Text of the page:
Directed by Pete Docter, Ronaldo Del Carmen
Starring Amy Poehler, Phyllis Smith, Lewis Black
With the move to San Francisco, 11 year old Riley (Kaitlyn Dias) is facing the biggest challenge of her young life. It is up to the interior workings of her mind to face this huge upheaval, a world controlled by five emotions – Joy, Sadness, Anger, Fear, and Disgust. When Joy (Amy Poehler) and Sadness (Phyllis Smith) are accidentally thrown out of headquarters, along with the precious core memories that create Riley’s personality, they must find a way through the vast architecture of her mind to return home. Meanwhile the other three must guide the now emotionally vacant Riley through a new city, a new school, and the growing rift between her and her parents.
There is a wondrous mental landscape on display here. Despite the strangeness of the proposition and the fantastic insanity of the locations on display (a movie dream factory, a back-lot of daydreams, a literal train of thought), there is an internal logical consistency here. Inside Out is a smart film; from its concept, its plot, its themes, its locations, the characters that populates them, and their designs – everything rings of quality and care. All meld together here to produce something that seems effortlessly great and emotionally resonant.
Perhaps that is the trick with Inside Out, that despite the obvious budget and the gazillion man-hours placed into the CG, it just feels so intensely personal. The experiences on display on the outside world (and there consequences in the constructed interior) touch on experiences that many of us have shared, if not specifically then at least in the general. It is getting the audience to embrace those universal experiences that the best Pixar films do so very well. For Inside Out it is about looking for balance, of recognising that good and bad can coexist in a moment, and how feeling those emotions (be they negative or positive) can encourage emotional growth.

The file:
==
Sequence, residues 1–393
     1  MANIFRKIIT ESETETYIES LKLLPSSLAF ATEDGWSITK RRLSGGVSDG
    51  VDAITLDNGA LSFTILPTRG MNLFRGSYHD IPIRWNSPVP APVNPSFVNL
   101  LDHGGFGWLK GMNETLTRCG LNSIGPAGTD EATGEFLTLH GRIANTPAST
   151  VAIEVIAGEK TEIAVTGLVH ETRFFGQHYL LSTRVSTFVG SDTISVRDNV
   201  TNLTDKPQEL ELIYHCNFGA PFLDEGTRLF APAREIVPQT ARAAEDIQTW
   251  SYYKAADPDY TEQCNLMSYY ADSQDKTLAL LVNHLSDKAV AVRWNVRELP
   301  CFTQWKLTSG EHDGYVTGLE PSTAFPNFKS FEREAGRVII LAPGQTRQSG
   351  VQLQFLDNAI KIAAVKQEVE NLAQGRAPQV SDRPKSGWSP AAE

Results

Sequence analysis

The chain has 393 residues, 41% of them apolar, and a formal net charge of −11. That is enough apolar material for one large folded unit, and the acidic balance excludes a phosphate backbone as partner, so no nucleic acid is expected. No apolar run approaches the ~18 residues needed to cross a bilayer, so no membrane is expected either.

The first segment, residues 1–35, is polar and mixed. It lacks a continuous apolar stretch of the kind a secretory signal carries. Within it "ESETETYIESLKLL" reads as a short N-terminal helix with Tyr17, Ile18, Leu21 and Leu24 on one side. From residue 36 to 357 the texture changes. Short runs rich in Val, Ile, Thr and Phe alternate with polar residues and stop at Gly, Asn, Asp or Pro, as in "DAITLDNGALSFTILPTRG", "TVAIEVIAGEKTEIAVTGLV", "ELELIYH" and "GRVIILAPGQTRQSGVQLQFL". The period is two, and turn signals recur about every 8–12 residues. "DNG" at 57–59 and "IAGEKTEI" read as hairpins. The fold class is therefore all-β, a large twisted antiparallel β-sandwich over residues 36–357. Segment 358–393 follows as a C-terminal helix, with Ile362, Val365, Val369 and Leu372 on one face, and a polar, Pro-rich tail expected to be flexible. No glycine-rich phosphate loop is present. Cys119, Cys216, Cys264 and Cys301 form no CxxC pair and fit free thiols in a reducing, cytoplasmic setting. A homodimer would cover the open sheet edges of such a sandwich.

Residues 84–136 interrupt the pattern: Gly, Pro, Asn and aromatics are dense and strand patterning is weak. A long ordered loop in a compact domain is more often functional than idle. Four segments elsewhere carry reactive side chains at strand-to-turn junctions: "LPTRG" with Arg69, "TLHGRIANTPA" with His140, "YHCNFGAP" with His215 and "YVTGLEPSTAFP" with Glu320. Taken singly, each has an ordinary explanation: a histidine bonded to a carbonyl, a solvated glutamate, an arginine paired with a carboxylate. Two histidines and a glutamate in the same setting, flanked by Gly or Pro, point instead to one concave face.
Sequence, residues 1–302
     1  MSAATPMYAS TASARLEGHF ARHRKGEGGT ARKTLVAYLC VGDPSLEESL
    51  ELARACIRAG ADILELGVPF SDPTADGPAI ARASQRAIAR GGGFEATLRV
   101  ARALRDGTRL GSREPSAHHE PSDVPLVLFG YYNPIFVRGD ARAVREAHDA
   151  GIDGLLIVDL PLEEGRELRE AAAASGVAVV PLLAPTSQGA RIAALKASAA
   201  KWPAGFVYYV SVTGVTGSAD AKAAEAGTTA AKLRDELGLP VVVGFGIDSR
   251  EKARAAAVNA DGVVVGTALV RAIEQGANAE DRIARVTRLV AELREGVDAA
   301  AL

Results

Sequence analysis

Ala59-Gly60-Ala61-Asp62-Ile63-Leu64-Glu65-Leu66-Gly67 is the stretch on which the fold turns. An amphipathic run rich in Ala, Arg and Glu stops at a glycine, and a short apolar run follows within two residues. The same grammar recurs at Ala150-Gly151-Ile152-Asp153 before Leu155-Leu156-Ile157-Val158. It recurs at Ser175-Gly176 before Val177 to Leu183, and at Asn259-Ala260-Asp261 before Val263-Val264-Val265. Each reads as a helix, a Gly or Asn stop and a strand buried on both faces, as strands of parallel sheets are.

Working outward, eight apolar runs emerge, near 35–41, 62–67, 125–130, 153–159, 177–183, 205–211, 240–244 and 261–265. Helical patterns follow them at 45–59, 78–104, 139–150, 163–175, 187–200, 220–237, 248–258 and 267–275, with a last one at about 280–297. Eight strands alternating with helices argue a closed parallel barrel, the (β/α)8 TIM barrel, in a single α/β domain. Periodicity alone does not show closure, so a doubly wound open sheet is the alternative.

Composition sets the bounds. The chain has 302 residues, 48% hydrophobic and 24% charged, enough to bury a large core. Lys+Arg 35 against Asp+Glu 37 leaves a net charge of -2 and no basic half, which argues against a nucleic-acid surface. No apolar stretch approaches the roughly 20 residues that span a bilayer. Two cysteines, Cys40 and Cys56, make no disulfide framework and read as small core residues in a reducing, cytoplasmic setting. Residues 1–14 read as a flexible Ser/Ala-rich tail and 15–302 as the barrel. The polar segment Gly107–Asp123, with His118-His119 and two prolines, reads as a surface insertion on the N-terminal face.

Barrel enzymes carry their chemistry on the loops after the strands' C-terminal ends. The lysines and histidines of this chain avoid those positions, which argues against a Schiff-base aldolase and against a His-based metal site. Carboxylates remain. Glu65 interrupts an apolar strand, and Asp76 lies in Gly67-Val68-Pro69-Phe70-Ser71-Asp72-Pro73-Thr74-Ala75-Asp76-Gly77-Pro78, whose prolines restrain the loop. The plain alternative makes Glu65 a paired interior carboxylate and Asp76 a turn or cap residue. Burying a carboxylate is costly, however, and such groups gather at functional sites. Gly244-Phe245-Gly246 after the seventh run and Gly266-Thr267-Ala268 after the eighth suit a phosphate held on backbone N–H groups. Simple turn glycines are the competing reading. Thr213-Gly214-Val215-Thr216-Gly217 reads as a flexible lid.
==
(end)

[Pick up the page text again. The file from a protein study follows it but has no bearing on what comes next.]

A lot of this rests on the Amy Poehler-voiced Joy. Looking like an overjoyed Tinkerbell on a sugar high, she is the whirlwind of positivity that organises things within Riley’s mind. It his her slow understanding of what lengths she will go to achieve this and its effects on others that drives the gradual change, and Poehler is perfectly cast for this. The counterpoint to Joy is Phyllis Smith’s Sadness. Tentative, melancholic, and darkly funny, Smith conveys this with a sense of quiet resignation. It is this interplay that shapes many of the most important sequences in Inside Out.
Intelligent, emotional, and (most surprising of all) emotionally intelligent, Inside Out is worthy of its place amongst other high quality Pixar releases. A genuine Joy to watch.